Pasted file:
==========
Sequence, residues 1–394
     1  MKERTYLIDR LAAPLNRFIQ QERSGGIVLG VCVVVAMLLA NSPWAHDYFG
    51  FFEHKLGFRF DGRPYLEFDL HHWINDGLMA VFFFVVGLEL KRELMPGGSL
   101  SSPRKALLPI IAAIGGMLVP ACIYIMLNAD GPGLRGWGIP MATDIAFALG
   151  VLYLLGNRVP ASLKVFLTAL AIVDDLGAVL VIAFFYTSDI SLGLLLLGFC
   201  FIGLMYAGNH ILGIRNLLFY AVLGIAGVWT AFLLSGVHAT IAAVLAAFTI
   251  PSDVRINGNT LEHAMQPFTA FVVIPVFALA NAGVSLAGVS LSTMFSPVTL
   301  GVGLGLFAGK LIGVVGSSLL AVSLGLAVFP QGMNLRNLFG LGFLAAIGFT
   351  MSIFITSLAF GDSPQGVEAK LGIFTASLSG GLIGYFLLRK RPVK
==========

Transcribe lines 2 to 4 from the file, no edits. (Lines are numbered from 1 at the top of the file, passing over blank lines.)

     1  MKERTYLIDR LAAPLNRFIQ QERSGGIVLG VCVVVAMLLA NSPWAHDYFG
    51  FFEHKLGFRF DGRPYLEFDL HHWINDGLMA VFFFVVGLEL KRELMPGGSL
   101  SSPRKALLPI IAAIGGMLVP ACIYIMLNAD GPGLRGWGIP MATDIAFALG